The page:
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Natural resistance of exotic wood species to the Formosan subterranean termite (Isoptera: Rhinotermitidae)

Mary L. Cornelius, Weste L. A. Osbrink
International biodeterioration & biodegradation 2015 v.101 pp. 8-11
Coptotermes formosanus, Picea, Tectona grandis, biological resistance, ingestion, lumber, starvation, survival rate, toxic substances, toxicity, wood, wood preservatives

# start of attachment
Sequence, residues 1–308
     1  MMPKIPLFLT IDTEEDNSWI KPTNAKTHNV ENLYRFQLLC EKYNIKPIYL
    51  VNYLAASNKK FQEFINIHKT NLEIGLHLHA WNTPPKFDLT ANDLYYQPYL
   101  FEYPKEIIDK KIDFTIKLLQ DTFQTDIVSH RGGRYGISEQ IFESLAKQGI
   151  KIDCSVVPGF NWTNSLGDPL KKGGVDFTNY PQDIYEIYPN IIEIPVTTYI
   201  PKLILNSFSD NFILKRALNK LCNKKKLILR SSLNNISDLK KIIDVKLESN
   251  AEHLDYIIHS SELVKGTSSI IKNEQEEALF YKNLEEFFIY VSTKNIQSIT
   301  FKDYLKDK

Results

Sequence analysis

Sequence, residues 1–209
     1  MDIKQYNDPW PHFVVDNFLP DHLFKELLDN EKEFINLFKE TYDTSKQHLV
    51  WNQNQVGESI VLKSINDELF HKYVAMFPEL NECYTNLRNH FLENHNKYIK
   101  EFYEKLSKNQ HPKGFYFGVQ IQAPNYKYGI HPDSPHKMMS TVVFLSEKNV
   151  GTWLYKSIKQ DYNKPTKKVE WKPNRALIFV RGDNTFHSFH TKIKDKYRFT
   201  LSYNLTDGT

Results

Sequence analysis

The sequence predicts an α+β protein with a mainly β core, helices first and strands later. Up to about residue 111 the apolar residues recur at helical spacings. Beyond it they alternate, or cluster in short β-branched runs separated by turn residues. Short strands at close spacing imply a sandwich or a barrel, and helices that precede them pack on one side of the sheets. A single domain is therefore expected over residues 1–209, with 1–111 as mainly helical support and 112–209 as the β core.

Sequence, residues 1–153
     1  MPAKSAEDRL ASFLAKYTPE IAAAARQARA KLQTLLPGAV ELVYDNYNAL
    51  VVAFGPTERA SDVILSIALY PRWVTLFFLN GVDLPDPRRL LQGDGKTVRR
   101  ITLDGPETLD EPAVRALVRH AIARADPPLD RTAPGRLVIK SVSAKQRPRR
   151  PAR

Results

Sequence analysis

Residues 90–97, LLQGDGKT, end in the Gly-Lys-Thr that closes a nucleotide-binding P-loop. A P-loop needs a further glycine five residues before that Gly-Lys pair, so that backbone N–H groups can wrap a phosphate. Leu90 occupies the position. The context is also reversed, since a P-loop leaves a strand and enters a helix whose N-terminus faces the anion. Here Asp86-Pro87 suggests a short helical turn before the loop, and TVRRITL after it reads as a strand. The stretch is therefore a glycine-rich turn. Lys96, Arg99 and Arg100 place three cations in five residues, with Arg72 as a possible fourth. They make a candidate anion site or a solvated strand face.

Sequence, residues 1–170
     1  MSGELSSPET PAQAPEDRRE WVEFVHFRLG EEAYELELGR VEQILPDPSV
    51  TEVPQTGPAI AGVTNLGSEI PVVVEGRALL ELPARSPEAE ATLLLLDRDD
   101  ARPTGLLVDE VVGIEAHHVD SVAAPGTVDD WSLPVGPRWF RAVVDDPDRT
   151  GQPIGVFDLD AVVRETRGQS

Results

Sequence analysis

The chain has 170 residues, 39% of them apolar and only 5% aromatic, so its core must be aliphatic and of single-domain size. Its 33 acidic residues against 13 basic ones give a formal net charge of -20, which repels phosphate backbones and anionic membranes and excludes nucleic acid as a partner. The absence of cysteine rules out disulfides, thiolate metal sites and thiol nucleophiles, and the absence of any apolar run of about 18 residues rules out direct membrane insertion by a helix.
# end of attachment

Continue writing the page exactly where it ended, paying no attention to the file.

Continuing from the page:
The purpose of this study was to evaluate survival and wood consumption of the Formosan subterranean termite, Coptotermes formosanus Shiraki, on ten different species of wood used as commercial lumber. Six of the wood species had natural resistance to termites and caused an average of >75% mortality. Southern yellow pine and spruce were the most palatable and teak was the most resistant of the wood tested. A test was also conducted to compare survival of termites on resistant wood with survival under starvation conditions after three and six weeks. After six weeks, survival of termites on teak was significantly lower than in the starvation control, suggesting that at least some of the termite mortality on teak may have been due to toxicity. Toxic chemical components of teak hold the most promise as wood preservatives.